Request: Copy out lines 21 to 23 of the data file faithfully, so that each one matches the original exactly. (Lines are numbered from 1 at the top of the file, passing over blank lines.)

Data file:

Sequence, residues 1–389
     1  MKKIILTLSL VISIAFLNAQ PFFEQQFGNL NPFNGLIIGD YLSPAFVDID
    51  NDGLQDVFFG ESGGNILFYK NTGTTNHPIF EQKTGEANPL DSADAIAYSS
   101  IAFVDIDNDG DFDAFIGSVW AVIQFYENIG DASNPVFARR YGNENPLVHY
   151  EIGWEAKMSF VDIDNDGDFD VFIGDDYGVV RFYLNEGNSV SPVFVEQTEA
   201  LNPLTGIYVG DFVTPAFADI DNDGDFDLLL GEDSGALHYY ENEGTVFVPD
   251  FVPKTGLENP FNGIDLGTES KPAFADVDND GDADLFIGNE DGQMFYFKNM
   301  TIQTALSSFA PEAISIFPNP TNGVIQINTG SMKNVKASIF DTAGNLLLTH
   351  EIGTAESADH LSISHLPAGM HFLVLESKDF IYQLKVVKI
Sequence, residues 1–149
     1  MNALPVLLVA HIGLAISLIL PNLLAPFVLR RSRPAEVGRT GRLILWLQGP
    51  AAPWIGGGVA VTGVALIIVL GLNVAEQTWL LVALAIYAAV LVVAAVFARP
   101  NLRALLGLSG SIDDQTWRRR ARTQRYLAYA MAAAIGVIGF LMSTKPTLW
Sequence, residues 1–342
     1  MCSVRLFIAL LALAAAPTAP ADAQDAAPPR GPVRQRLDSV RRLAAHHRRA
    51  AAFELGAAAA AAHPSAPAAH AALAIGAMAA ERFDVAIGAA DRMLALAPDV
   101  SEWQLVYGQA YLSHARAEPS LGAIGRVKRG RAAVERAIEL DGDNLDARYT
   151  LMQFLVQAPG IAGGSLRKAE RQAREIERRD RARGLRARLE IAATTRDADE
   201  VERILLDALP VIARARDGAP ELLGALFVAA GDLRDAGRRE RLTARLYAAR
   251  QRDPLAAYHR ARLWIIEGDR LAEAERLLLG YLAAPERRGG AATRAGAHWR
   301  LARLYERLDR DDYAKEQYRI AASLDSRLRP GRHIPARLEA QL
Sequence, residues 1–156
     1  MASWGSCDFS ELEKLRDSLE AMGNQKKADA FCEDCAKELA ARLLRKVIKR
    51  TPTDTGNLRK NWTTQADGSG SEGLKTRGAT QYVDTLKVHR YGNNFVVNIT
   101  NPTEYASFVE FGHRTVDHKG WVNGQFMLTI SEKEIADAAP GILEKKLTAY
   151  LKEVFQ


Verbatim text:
   301  LARLYERLDR DDYAKEQYRI AASLDSRLRP GRHIPARLEA QL
Sequence, residues 1–156
     1  MASWGSCDFS ELEKLRDSLE AMGNQKKADA FCEDCAKELA ARLLRKVIKR